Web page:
It was November 8, 2008—election night—and she had been out canvassing for Barack Obama when Sara Nelson recalled signing a lease with her husband to start their own brewery.
She had been working as a legislative aide for Seattle council member Richard Conlin, and she said it was a scary, risky move for her and her husband, who worked in hospitality law for years before making the leap to open Fremont Brewing Co. Their business grew from its original two employees—themselves—to its current 50-plus workers and its large open spaces on the corner of Albion Place North and 34th Street.
Nelson worked for Conlin for most of his stint as a council member from 2002 to 2013 before Kshama Sawant unseated him. Though some criticize Conlin as being overly conservative, others say Conlin was well-respected for his leadership on environmental issues. In his office Nelson helped him develop policies on urban planning and sustainability, and she said she would continue that role if elected on the city council.
"The bottom line is that I am a policy wonk, and I miss public service. And I’ve used my business as a soapbox to affect positive change on the local, state, and federal levels,” Nelson said in an earlier interview. “Sooner or later I was going to get back into policy full-time. This was an opportunity.”
When asked about Conlin's popularity, Nelson criticized Sawant for making "grand statements"—specifically referring to when Sawant said taxes on businesses couldn't be regressive—and said the veteran council member always considered scenarios of potential unintended consequences before implementing legislation.
"What I learned from Richard Conlin was that details matter," Nelson said. "He never ruled by slogan. ...He talked to anybody who wanted to meet with him. That's what I will bring to the council."
She wants to incentivize businesses to develop green practices, something she said she's used her own business as a "soapbox" to promote; Fremont King County’s Small Business of the Year award in 2014, largely for its sustainability practices. An anthropology Ph.D. and women's studies major at the University of Washington, Nelson said she still considers herself an activist, one who met her husband at WTO protests in Seattle and originally planned to be a diplomat.
Though Nelson previously told PubliCola a one-size-fits-all model on wages, scheduling, or paid family leave doesn't work, she said she supports the $15 minimum wage. She said she supports the "spirit of the legislation" on secure scheduling but was concerned about how it would affect the flexibility of workers (it only applies to businesses with 500 employees or more, and so wouldn't affect Fremont Brewing). She criticized the "process" of those bills, that small businesses weren't at the table early enough when the city implemented those policies.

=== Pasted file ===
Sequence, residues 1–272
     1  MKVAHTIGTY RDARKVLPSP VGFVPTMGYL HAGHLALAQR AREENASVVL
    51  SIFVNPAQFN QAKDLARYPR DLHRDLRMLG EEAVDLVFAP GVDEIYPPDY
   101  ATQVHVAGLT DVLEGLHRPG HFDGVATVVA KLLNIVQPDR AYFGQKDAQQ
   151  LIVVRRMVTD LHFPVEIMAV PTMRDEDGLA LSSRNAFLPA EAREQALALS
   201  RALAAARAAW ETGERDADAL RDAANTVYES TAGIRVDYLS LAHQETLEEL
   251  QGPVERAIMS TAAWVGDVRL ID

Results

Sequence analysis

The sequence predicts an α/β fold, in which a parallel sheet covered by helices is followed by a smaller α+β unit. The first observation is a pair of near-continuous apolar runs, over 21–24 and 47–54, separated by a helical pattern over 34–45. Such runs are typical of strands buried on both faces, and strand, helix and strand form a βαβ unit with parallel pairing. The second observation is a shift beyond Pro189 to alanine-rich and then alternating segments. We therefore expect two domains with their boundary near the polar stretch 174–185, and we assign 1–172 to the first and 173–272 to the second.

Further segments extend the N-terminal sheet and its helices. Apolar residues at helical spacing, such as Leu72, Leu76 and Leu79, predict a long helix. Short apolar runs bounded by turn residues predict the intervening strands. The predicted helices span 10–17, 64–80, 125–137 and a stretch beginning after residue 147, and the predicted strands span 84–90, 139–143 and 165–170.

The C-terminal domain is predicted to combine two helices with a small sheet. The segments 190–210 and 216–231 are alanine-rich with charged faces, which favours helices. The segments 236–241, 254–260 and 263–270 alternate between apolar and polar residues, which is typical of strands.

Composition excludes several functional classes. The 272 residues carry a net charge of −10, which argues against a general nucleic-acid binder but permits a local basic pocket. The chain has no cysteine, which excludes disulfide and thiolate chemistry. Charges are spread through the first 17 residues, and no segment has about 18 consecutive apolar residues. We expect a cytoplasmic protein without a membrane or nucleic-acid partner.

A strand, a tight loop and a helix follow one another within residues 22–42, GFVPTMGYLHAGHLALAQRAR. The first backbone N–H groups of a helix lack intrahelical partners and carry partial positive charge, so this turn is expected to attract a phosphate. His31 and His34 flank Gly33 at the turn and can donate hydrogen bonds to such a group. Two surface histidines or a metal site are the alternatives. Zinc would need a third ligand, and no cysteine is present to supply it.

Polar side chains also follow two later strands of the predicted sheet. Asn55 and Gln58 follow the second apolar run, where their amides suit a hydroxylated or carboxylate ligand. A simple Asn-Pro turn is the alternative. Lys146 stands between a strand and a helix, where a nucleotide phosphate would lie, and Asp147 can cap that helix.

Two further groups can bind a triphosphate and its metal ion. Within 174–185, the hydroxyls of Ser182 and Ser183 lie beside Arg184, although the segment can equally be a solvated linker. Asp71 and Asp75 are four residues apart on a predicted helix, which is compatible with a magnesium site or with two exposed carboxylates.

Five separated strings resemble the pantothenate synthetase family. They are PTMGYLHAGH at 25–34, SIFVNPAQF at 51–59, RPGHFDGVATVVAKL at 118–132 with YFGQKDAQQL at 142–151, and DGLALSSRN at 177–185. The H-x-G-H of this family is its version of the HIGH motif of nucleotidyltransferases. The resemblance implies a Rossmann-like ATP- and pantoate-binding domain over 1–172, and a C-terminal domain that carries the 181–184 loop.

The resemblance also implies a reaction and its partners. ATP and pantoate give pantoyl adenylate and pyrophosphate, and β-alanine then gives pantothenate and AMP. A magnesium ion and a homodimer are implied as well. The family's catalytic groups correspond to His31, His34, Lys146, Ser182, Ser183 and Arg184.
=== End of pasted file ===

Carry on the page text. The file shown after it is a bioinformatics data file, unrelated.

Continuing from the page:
Backed by the Seattle Metropolitan Chamber of Commerce, Nelson has raised the third-most in the race, a total of $130,000. Having joined the race late, Nelson chose not to participate in the Democracy Vouchers program—it would have limited donations to $250 from individual donors—unlike her other two biggest opponents in the race. (Jon Grant and Teresa Mosqueda have both raised more money.) But businesses have so far poured $121,000 worth of independent expenditures for Nelson. She's been endorsed by The Seattle Times, as well as former mayor Greg Nickels and former council member Richard Conlin.
“I’ve worked for the city council and I’ve worked with the city council,” Nickels said in a released statement when Nelson announced her run. “The council works best when there is balance. Sara, with her years of experience as a neighborhood small-business owner and her level-headed approach will make the council’s voice stronger for the all people in our community.”
A Sacramento native, Nelson was raised by a single mom and grew up "really poor" in California, an experience she said shaped her and her policies. Pieces of legislation she would push for right away, she said, is to allocate resources to the Office of Housing to outreach to seniors who don't use the include property tax exemptions they qualify for.
Though she supports growth and density, Nelson also said she would listen to neighborhood concerns. She's also voices concerns on bills' effects on small landlords and seniors—she said small landlords like to rent to someone they have a "connection" with who may not necessarily have the best credit score, and that it privileges younger people who know how to use a computer.
"I understand anxiety. It can all change in a moment. A shoe could drop," she said. "You just you do everything to prevent failure. You always worry it could happen. I don't take anything for granted."